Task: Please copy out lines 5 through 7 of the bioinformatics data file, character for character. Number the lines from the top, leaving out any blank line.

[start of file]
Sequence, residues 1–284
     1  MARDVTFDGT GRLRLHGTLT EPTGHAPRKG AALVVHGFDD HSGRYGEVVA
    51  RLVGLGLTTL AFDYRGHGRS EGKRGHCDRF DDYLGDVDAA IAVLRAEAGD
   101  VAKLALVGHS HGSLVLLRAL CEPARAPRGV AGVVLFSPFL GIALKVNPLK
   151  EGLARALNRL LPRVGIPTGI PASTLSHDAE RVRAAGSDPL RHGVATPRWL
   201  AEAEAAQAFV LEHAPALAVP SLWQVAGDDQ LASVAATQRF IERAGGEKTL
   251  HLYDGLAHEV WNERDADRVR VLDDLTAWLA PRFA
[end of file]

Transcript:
   151  EGLARALNRL LPRVGIPTGI PASTLSHDAE RVRAAGSDPL RHGVATPRWL
   201  AEAEAAQAFV LEHAPALAVP SLWQVAGDDQ LASVAATQRF IERAGGEKTL
   251  HLYDGLAHEV WNERDADRVR VLDDLTAWLA PRFA